Dutch Children performed songs and dances for their Liberators
People often
ask why I work for Hope For The Warriors® and why this work is so important to
me.  The honor that I give to service
members and veterans is directly related to my parents.
Liberation
Day is May 5 in The Netherlands, the day that the country was freed from Nazi rule
back in 1945.  My parents immigrated to
the United States in 1956 with very little. 
But coming to the United States with almost nothing, was better than
trying to farm in a small country, still struggling after two world wars.
My parents
knew firsthand the terror of living under the rule of an evil leader.  They knew the fear of an unexpected knock at
the door and unwelcome German soldiers searching their home.  My parents tell stories of home
searches—Germans looking for both people as well as hidden food supplies.  Their voices still held some of their fears
as they shared their stories, but also some pride in the tricks that were used
and never discovered.
My Mother with her family
My mother’s
family had a shelter—dug just large enough for her parents, herself, and her ten
brothers and sisters(Yes…13 of them!). And yet they still managed to hide one
or two Allie soldiers that were separated from their platoon.  My father biked throughout his farming
community, collecting food on a little cart that trailed behind him.  It was not until years later that he learned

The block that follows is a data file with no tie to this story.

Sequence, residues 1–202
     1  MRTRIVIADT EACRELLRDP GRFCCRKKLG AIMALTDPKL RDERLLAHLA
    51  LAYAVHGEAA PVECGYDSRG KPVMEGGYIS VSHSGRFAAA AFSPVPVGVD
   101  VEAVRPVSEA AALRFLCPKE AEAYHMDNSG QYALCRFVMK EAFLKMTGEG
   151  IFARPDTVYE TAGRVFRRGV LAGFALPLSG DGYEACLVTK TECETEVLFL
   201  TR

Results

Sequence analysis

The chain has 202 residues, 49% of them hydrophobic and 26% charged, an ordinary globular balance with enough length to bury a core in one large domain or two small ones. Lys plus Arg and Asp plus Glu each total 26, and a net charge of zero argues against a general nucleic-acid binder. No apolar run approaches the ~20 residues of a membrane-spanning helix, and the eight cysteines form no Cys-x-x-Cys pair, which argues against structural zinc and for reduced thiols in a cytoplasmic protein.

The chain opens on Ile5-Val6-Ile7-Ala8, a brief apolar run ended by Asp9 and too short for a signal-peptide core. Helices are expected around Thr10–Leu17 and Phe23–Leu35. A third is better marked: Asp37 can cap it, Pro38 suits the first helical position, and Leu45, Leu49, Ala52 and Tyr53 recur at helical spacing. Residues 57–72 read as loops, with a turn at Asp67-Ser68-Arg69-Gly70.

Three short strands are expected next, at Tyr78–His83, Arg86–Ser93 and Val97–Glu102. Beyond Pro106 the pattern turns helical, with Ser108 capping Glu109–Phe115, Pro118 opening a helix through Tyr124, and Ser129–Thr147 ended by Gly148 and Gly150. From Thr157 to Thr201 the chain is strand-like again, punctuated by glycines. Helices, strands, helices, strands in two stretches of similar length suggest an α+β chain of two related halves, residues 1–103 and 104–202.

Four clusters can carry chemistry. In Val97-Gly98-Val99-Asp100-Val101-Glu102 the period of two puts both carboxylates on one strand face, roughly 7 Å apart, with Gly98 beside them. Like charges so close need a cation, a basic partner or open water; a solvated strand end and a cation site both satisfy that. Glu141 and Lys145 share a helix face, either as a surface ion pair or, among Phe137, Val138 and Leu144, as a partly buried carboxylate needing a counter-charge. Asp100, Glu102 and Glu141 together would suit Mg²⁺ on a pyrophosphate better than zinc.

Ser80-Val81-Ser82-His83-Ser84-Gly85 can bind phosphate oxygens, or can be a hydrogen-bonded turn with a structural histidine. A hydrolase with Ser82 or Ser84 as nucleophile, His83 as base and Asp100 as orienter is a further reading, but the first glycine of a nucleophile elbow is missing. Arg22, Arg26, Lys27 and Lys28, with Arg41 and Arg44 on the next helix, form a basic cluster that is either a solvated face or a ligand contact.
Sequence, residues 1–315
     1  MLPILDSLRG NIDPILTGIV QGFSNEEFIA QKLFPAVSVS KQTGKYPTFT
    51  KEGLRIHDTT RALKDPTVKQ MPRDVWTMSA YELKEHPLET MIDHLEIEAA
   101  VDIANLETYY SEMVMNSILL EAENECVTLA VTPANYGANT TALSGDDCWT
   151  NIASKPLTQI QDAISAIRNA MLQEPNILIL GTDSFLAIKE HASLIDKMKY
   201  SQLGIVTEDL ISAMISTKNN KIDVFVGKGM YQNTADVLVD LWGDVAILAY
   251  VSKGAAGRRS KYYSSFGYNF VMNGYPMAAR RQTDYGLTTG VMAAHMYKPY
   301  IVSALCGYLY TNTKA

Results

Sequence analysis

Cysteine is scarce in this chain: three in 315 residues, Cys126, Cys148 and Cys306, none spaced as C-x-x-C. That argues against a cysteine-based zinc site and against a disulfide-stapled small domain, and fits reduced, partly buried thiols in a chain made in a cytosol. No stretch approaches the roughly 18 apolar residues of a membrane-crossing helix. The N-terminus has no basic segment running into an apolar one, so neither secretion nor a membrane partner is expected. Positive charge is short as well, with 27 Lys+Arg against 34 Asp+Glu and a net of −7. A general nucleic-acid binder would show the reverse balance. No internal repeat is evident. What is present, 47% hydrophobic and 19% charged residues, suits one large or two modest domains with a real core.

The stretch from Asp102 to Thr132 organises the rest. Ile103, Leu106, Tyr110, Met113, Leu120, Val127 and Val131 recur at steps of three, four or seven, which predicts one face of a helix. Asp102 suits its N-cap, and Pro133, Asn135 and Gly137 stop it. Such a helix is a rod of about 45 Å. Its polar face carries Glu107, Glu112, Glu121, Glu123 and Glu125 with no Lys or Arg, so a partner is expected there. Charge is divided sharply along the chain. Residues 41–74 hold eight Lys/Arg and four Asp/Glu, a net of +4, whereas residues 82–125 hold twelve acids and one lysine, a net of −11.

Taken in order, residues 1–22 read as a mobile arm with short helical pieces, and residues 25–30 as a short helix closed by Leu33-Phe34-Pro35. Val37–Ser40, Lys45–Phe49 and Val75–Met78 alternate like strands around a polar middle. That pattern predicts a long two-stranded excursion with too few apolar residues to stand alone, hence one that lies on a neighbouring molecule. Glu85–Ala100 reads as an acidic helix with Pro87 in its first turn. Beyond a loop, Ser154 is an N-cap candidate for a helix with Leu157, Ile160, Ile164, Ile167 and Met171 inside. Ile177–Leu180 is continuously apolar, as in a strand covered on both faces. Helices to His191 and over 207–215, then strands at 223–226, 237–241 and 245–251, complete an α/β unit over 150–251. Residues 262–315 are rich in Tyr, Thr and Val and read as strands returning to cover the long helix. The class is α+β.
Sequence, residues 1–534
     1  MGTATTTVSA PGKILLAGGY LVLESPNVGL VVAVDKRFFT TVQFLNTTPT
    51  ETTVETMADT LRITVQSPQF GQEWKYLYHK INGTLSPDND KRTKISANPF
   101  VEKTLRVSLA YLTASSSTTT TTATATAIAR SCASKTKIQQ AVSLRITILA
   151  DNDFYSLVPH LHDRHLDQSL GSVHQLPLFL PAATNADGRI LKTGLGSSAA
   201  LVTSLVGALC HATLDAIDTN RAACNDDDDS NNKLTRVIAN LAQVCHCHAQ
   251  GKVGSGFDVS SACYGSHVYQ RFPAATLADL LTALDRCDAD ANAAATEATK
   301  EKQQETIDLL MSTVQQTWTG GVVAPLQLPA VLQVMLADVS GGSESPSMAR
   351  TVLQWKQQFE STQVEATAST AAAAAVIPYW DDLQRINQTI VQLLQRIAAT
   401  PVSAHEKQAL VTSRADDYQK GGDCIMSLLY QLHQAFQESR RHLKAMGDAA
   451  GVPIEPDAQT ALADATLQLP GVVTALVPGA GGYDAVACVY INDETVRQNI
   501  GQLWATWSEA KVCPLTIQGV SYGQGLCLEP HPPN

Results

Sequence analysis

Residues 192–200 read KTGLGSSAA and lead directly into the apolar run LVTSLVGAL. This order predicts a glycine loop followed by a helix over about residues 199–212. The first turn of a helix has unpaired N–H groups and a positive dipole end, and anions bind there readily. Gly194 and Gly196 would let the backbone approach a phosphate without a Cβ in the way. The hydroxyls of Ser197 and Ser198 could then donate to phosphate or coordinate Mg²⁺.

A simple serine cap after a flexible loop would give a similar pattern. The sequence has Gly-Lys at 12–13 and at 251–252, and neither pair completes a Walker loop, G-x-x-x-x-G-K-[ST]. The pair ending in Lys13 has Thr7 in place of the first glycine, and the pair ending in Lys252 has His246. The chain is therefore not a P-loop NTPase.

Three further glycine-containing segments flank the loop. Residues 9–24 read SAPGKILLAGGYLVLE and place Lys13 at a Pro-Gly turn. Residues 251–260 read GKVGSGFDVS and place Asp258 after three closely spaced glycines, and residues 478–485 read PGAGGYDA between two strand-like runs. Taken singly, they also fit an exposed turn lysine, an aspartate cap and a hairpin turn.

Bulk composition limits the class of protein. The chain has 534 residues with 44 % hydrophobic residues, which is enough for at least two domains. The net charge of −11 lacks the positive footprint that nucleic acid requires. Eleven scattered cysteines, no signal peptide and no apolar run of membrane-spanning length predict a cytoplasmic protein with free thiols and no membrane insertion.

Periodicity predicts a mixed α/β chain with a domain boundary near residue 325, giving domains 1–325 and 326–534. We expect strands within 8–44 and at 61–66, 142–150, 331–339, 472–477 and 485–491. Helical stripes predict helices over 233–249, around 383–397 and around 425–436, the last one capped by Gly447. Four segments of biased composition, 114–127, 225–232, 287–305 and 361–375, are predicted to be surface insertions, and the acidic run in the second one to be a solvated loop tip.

that the food was for those fighting in the resistance. 
My father on his farm
My daughter
once interviewed my parents for her history project and asked the question,
“Who was your hero?”  My parents quickly
responded, “We had no heroes.  If you
looked to anyone as a hero, they would have been taken away and killed.”
The Allies
and the Liberation of the Netherlands changed that.  The service members became their heroes and
that has never changed, even 70 years later. 
Because of those men, I did not have the same experiences that my
parents had growing up.  I have no idea
what it is like to live in fear of a knock on the door.
Growing up,
Memorial Day meant parades in my small town. Following the parade was a
Memorial Day Service, honoring those who had made the ultimate sacrifice for
our freedoms.  As a child, I wanted to
run off with my friends but my mom never allowed that.  My mom’s life, and therefore my life, would
have been significantly different had it not been for the sacrifices of those
who served. Those men paid the ultimate sacrifice, giving me the life I have
today.  She was determined that I learn
this important lesson.
My parents married in 1956 and boarded this ship 10 days later
Not everyone
can draw such a direct line from these sacrifices to his or her daily
life.  Yet each one of us lives in a
country with freedoms and privileges vastly greater than the majority of people
in this world. My mom and dad’s experiences allowed me to see both ends of the
freedom spectrum, and thanks to that important lesson, I recognize the need to thank
and support our military. And perhaps even more important, because of the
thousands of men and women who have served and continue to serve in our
military, I am conscious of and grateful for these freedoms for my parents, my
family, and myself.